A virtual conference organized in partnership with Brigham Young University Law School, Emory University Law School, Notre Dame Law School, St. John’s University School of Law, and the Villanova University Charles Widger School of Law. View the full video and browse all essays here.
Section D. Religious Organizations (Mark Movsesian, moderator)
“Quarantines, Religious Groups, and Some Questions About Equality“
When the government imposes quarantine orders for public safety, shutting some places down and leaving other places open, how should it treat religious organizations and religious services? A natural answer is that religious organizations should be treated equally. And that makes sense. Equality is a solid moral principle, with wide-ranging appeal and deep roots in history and in law.
But equality is not self-executing. And the deeper one goes into these quarantine orders, the more that becomes apparent. We are trying to treat religion equally, but we don’t quite know how. I’m planning a longer piece that will go into more details. But for this blog post, let me simply try to demonstrate two things to you. First, quarantine schemes require judgments about the value of religious exercise — which is uncomfortable in a system like ours, which tries to keep the government out of such questions. And second, by insisting that all gatherings of all religious organizations be treated the same way, quarantine schemes become blind to genuine religious differences. We are deciding how much to restrict religious organizations in general by imagining what happens in a religious service, but our imagined religious service ends up looking a lot like a Sunday morning Christian worship service.
Quarantine schemes classify organizations based on type, and such schemes will inevitably run into these two problems. How they should best be handled is a question for another day. For now, I merely want to persuade you that there are some interesting issues here.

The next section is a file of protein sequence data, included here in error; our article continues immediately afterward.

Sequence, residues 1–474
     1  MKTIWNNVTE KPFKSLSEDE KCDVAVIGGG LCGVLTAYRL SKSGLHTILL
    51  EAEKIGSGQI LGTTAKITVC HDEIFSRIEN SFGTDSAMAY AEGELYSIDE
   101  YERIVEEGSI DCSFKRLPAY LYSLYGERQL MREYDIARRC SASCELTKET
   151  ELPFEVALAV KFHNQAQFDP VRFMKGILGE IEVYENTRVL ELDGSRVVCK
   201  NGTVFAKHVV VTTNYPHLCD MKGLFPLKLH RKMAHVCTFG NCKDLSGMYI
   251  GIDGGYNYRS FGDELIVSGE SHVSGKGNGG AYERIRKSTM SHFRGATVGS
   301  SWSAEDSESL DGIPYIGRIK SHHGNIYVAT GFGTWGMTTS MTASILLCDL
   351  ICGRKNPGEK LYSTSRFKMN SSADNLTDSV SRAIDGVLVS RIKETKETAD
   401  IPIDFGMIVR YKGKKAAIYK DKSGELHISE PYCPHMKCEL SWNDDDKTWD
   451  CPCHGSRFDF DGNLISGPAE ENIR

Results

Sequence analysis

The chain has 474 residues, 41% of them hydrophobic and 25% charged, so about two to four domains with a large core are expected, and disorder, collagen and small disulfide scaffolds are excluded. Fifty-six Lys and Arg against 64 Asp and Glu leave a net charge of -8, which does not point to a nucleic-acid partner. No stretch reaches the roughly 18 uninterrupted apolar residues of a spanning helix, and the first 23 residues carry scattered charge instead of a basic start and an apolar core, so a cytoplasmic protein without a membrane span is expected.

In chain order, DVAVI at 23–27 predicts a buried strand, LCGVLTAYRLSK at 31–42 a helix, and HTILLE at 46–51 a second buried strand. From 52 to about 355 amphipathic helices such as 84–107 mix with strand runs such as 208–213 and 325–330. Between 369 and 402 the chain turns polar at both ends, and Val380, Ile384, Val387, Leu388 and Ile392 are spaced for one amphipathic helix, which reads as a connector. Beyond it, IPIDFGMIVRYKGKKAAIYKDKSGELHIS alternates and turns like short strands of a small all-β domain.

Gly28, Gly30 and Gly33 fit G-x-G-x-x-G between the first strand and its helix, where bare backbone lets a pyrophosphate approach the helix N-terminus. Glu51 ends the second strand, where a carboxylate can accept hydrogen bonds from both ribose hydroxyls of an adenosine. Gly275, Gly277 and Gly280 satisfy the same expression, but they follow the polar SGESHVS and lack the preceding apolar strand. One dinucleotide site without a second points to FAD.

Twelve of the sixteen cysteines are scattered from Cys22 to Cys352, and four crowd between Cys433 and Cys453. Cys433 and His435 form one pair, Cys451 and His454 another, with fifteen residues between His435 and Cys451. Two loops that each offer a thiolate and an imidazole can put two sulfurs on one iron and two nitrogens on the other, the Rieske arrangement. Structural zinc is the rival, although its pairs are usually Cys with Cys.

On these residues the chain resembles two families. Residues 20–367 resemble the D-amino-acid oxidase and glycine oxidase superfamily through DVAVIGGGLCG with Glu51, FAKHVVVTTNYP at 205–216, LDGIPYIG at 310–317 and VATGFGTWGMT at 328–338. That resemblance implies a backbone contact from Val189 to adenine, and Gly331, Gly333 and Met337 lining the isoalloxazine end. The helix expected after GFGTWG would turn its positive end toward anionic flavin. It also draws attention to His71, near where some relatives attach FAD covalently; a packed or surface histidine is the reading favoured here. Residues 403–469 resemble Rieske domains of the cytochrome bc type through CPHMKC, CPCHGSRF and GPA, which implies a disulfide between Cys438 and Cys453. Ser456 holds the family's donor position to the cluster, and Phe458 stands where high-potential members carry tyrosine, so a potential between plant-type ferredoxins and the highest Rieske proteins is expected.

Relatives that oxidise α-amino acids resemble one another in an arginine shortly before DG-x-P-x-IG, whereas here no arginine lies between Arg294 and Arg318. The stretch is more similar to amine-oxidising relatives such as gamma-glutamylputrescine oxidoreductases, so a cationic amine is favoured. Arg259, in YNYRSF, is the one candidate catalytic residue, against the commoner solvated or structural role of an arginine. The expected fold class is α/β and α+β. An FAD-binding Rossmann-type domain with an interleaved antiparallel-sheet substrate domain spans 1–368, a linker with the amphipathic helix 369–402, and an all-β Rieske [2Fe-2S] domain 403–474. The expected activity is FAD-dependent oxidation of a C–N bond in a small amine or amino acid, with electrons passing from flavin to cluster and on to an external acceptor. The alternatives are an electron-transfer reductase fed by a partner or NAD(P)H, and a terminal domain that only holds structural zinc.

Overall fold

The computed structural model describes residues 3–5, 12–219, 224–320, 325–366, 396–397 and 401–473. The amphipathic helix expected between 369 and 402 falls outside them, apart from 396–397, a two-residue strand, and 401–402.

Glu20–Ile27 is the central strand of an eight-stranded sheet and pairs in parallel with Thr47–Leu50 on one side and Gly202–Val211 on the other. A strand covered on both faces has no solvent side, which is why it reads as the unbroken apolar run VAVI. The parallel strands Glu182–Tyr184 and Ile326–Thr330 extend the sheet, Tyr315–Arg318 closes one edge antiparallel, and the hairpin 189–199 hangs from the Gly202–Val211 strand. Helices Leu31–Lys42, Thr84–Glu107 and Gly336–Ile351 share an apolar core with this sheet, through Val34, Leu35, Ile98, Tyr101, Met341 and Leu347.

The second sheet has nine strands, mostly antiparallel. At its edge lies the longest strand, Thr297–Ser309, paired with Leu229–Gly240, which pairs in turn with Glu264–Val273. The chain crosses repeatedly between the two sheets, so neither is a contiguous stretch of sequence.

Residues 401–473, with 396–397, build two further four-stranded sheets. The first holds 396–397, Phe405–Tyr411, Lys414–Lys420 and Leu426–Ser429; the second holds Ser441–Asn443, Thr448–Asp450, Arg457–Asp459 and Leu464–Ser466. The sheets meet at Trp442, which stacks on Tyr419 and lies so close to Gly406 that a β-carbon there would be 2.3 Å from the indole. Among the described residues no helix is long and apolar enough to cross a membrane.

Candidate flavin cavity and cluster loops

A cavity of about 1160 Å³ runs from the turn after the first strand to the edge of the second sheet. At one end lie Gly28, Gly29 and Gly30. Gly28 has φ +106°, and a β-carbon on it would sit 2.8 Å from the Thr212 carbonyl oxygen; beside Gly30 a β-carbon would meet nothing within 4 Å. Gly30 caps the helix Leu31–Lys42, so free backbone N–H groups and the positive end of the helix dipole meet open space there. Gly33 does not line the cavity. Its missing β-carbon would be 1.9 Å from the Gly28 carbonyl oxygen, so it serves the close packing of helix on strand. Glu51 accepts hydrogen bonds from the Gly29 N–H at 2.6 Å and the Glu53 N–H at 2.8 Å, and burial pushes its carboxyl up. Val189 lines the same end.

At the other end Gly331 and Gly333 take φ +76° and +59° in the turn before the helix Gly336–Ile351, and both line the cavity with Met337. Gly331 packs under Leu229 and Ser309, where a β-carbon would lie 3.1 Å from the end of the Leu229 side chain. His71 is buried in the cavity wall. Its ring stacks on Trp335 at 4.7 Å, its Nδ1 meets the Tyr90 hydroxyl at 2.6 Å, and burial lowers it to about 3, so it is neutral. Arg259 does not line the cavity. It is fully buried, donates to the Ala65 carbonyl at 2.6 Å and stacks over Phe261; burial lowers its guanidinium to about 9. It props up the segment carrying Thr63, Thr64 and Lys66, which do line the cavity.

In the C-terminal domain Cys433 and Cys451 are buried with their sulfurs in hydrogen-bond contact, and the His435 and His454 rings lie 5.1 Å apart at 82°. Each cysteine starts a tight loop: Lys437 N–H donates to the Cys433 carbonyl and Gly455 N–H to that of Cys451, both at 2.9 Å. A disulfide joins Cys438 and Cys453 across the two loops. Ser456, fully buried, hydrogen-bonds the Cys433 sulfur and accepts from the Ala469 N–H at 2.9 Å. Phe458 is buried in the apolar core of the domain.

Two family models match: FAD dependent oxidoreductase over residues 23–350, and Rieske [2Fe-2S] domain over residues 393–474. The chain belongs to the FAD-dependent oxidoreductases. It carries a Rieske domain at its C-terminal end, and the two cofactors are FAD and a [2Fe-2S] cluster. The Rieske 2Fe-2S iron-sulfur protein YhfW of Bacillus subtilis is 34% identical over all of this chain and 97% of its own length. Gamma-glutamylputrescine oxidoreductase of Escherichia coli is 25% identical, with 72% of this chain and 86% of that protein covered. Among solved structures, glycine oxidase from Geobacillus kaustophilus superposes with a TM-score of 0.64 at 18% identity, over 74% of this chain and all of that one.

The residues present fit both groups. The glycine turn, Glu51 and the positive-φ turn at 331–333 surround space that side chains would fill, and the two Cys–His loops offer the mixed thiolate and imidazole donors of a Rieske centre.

States have worked against the COVID-19 pandemic in a variety of ways. Many states have issued shut-down orders, requiring business and other organizations (including religious ones) to close temporarily. Sometimes these shut-down orders have proceeded in stages, with different kinds of organizations being able to reopen at different times.
Forget religious organizations for a second. If you were in charge of deciding what things should open and when, you would naturally take into account the value of the thing in question. California put restaurants in stage 2b of its multi-stage reopening plan, and put bars in stage 3. As a result, restaurants could re-open before bars could. Now this could be purely about the relative risk of COVID-19 transmission. But that’s uncertain, given that social distancing and masks were required in both places. More likely, there’s also a value judgment here. California thinks — and it may have good reason for thinking — that open restaurants are simply more important to society than open bars.
And more generally, value judgments lie behind all the government’s categorization decisions. When we decide that grocery stores are “essential businesses” that do not have to close, it is because we think people need to be able to buy food. When we put childcare places in the first category of closed businesses that can reopen, it is because we recognize that working parents need childcare for their kids.
There is a simple truth here. Determinations about when different things should re-open does not merely involve questions of fact (what’s the amount of risk?), but also involve questions of value (is this worth the amount of risk?). The more something is worth, the more risk we are willing to accept.